"sudo port upgrade outdated" fills HDD
ryandesign at macports.org
Wed Feb 17 18:44:21 PST 2010
On Feb 17, 2010, at 20:29, Sam Kuper wrote:
> Maybe so. I wasn't aware of boost before it made my Mac fall over, so I can't claim any intimate knowledge of it. My gut instinct, though, is that especially for packages handled by a package manager and intended to provide limited functionality and to work with other such packages, small is beautiful. Isn't that the first principle of the Unix philosophy?
> Can't boost be broken up into smaller packages and offered that way, so that only the needed parts of boost are fetched and installed when needed?
I don't know if that's possible for boost. If you're interested you could consult the boost documentation or ask their developers what the options are for compiling it, or speak with the MacPorts boost maintainer.
> I'm using port_cutleaves now. It's a bit like playing whack-a-mole. As soon as you cut off a leaf you no longer want, there's another one (or two, or three...) just below it in the dependency graph. Hence my question here:
The answer to the question:
>> Is there a way to uninstall CC such that BB automatically gets uninstalled
>> too, but AA is left intact because it is depended upon by DD?
Is: uninstall the port CC. Then run port_cutleaves. When it suggests that you may want to uninstall BB, confirm this by typing "u" for uninstall.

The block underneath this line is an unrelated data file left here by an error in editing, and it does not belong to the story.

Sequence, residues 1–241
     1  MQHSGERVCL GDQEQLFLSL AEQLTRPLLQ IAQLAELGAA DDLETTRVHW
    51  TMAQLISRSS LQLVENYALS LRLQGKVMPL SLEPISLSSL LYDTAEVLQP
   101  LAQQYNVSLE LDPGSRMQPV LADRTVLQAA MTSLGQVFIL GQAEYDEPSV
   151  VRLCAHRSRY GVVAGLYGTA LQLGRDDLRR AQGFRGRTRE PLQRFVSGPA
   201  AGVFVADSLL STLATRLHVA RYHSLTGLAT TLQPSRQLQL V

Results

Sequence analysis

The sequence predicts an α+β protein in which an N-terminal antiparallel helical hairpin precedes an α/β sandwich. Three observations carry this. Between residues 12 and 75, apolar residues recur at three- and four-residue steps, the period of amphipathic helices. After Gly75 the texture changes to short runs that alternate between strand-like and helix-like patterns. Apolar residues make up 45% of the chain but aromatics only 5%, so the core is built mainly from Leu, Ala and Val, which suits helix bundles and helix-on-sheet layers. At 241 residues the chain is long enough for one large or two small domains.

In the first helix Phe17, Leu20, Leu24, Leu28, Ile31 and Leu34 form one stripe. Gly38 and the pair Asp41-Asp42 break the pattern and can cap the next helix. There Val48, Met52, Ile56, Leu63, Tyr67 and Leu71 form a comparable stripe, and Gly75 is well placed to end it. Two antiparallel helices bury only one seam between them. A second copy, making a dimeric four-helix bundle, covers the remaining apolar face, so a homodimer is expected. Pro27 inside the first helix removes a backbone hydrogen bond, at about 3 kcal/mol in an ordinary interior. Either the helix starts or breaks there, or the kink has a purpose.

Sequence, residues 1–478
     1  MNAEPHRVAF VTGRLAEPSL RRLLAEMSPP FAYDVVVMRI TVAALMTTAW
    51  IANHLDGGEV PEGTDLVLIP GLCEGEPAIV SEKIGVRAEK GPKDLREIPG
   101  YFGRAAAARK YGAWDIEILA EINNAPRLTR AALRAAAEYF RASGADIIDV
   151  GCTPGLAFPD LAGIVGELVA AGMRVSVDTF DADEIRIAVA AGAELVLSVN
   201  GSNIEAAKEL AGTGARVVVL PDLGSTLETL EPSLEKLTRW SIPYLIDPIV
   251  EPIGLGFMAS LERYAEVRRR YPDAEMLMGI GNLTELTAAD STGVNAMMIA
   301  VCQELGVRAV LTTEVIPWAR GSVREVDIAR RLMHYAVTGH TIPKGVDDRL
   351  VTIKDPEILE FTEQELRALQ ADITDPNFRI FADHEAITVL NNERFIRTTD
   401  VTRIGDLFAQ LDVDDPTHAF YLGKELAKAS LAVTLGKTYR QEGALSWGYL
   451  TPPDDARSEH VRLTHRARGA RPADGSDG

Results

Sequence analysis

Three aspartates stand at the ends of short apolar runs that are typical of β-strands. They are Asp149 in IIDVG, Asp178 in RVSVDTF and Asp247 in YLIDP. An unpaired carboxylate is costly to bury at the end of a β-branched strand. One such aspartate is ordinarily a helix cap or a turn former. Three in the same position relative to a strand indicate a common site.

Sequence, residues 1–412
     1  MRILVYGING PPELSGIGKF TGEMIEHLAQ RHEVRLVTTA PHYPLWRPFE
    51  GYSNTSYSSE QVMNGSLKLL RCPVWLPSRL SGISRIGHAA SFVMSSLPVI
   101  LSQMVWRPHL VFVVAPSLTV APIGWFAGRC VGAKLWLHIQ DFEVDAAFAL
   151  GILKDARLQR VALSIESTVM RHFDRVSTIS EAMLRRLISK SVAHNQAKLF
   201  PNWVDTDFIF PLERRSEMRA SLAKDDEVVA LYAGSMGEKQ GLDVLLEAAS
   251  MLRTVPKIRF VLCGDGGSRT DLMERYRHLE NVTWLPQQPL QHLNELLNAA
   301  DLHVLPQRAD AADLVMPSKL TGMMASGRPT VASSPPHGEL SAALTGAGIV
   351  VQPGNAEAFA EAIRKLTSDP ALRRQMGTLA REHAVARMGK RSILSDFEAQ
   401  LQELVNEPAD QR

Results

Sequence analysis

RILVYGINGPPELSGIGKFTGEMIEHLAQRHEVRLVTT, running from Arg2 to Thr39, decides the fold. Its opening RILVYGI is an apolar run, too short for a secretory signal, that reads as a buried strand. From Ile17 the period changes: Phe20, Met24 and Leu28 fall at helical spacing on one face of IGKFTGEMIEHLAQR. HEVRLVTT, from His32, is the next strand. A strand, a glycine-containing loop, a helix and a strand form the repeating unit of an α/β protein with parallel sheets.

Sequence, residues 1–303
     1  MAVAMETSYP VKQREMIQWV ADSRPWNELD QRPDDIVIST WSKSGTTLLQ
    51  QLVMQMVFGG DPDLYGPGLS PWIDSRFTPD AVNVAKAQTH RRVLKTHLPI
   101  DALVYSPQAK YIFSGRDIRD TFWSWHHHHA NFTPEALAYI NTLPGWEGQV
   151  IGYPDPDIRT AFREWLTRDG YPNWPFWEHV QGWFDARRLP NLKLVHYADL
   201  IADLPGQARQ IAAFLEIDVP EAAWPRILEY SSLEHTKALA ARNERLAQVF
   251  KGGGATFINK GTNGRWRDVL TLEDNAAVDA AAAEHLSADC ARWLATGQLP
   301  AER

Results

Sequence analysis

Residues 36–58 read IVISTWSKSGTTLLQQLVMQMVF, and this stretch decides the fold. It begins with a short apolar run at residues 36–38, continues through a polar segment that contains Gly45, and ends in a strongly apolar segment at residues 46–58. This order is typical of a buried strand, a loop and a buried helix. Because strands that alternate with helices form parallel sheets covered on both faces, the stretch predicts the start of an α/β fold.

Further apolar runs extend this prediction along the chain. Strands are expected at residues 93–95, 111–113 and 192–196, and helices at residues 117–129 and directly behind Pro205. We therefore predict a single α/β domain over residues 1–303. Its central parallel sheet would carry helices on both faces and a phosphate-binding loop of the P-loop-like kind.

> though I now realise that an assumption I had been making - that it's only leaf nodes and their dependencies that one cares about - is false. Using port_cutleaves for long enough, one comes across newly-revealed leaves which one wants to keep! (Thanks for your answer to that question, btw!)
> I guess a better solution would be to somehow have MacPorts or port_cutleaves be aware of which ports had had their installation requested by a user, and to have port_cutleaves have the option only to list those leaves and to automatically uninstall them and everything below on the dependency branch, if requested.
Yeah. Since MacPorts doesn't remember that at present, port_cutleaves has a handy feature where you can record this list of ports yourself, as regular expressions, in a text file called .port_leaves.exclude in your home directory. A few lines from my .port_leaves.exclude file:
Note that I begin each line with "^" (regular expression syntax for anchor to beginning of line) and end each with a space (because the regular expression will end up matching something similar to the output of "port installed", which includes not only the port name but also the version and variants, separated from the port name by a space). I end each line with a space, for example "^q ", because I want to keep the port "q" but don't want to also keep every other port whose name begins with "q". For some ports, though, I don't end with a space: e.g. I use "^graphviz" because I want to keep all graphviz-related ports because I'm the maintainer of all of them.
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